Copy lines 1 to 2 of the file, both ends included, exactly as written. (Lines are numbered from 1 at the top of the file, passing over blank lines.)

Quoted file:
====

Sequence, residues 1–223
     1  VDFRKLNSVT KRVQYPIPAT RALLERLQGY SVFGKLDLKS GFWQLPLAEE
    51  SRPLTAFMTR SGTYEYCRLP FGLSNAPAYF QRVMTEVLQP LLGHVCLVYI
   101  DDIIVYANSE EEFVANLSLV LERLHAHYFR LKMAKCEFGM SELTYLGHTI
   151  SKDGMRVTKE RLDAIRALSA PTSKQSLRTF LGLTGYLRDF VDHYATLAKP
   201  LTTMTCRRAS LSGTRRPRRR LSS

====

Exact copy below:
Sequence, residues 1–223
     1  VDFRKLNSVT KRVQYPIPAT RALLERLQGY SVFGKLDLKS GFWQLPLAEE